Devilman Crybaby: A Netflix Original
Devilman: Crybaby Poster
Every once in a while, there will appear a show that dares to break the mold of the usual, decently animated, but mostly mundane new anime. Then there’s Devilman: Crybaby. This show not only broke the mold; it mixed the mold into its cereal with nails and battery acid, ate about half of it, then used the rest to sculpt a surprisingly realistic effigy of Lucifer, all to the tune of a expertly curated (if not LSD-influenced) soundtrack. To quote College Sophomore Brian Damerau, “It’s like if anime went DIY punk.” It’s a damn good show.
Devilman: Crybaby is a reboot of the original Devilman manga and 39-episode anime series created and written by Go Nagai. Following the same premise of the original, which debuted in 1972, Crybaby spins the tale of Akira Fudo and the transformation he undergoes as a result of being dragged to an underground dance party/orgy/drug den by his childhood best friend Ryo Asuka. Ryo kicks off the very first episode by knifing a couple of naked partiers with a broken liquor bottle; this sudden violence, in turn, summons demons that immediately begin to murder and devour the surrounding humans, many of them mid-coitus. Amon, the apparent biggest and baddest demon, then possesses Akira and proceeds to murder everyone around him, with Ryo filming the entire time, for posterity, of course. This show is the definition of “escalating quickly.”
Now, for the particularly squeamish, I won’t lie; Crybaby is definitely a hard watch. I saw more nudity and gore in the first episode than in most mainstream 50+ episode anime series. However, in between the outlandish blood splatters were poignant and startling glimpses into the lives of both Akira and the secondary characters surrounding him. Some of my favorite side characters are a group of freestylers present in nearly every episode; they frequently rap about the neglect and filth seen in the abandoned parts of the city they have made their home, and how they attempt to see the beauty in it all. Their quick verses play over the sometimes beautiful, sometimes strange and off-putting animation style present throughout the series and often serve as a grounding point in between the blood and mayhem. One of the most striking scenes in the series is when a member of their group, Kukon, starts off with a confession of his own insecurities to high school track athlete Miko Kuroda, who has a ton of her own, that transitions so seamlessly from an ordinary conversation into a particularly impressive freestyle that I was compelled to watch it twice.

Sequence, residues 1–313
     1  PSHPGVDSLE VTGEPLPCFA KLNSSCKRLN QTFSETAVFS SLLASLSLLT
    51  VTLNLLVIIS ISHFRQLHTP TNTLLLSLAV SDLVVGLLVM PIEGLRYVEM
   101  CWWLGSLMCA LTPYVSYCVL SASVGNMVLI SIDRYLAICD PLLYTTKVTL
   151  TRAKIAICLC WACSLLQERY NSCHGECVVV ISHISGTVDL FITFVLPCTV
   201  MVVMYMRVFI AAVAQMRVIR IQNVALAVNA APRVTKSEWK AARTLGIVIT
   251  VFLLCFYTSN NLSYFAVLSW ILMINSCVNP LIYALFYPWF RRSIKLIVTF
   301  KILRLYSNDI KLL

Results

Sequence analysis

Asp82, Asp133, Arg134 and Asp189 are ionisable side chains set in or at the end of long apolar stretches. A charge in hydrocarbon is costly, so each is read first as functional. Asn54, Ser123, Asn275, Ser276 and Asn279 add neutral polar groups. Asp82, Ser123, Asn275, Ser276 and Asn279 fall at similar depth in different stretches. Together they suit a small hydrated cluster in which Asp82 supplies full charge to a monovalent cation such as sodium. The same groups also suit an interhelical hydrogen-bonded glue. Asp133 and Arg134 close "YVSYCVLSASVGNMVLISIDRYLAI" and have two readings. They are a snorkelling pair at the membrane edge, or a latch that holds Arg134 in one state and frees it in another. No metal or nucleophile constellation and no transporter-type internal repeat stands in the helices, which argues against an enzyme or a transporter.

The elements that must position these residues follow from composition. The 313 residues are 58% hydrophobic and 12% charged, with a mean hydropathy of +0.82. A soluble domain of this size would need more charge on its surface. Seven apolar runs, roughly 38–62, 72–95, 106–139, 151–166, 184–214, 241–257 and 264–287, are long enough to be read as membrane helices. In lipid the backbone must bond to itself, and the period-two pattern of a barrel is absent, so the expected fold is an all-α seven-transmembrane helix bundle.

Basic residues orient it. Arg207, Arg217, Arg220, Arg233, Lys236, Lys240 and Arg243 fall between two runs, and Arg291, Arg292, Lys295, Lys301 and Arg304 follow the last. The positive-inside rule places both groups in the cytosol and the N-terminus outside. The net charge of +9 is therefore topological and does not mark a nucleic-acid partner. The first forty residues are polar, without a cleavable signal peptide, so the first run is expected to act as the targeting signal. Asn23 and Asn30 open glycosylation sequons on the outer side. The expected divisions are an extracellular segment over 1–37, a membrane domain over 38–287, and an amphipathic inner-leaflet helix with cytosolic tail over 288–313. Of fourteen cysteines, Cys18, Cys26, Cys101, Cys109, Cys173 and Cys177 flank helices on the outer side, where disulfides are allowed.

There are very few things to complain about when it comes to Crybaby, the main issue being that the series is so short. On further research, it turns out that Crybaby spans the entirety of the manga series, which was originally told in those 39 episodes, in only ten. The fact that so much is packed into so little time can sometimes leave watchers confused, and more than a little frustrated that there was not more character development. It honestly took me three watches to fully grasp and understand the series—as much as one can hope to understand Devilman: Crybaby, anyway—because there were just so many little details and quick scenes that I didn’t get enough time to focus on due to the rapid plot progression. I’ve also heard a few others express general uneasiness with just how graphic the show can be, both in terms of bloodshed and sexual content. In the show’s defense, it is about demons. And demons are nothing if not hedonistic and violent.
All that to say, Devilman: Crybaby is easily one of the best anime I’ve ever seen. It expertly folds in an amazing soundtrack, sublime animation, characters that you both want to cheer for and strangle at the same time, and dark, dark humor into what ultimately cumulates into a finale that will leave you in shock, awe, despair, and questioning what it really means to be human. 9/10 Pentagrams.
PC: MD. Aminul Haque / Flickr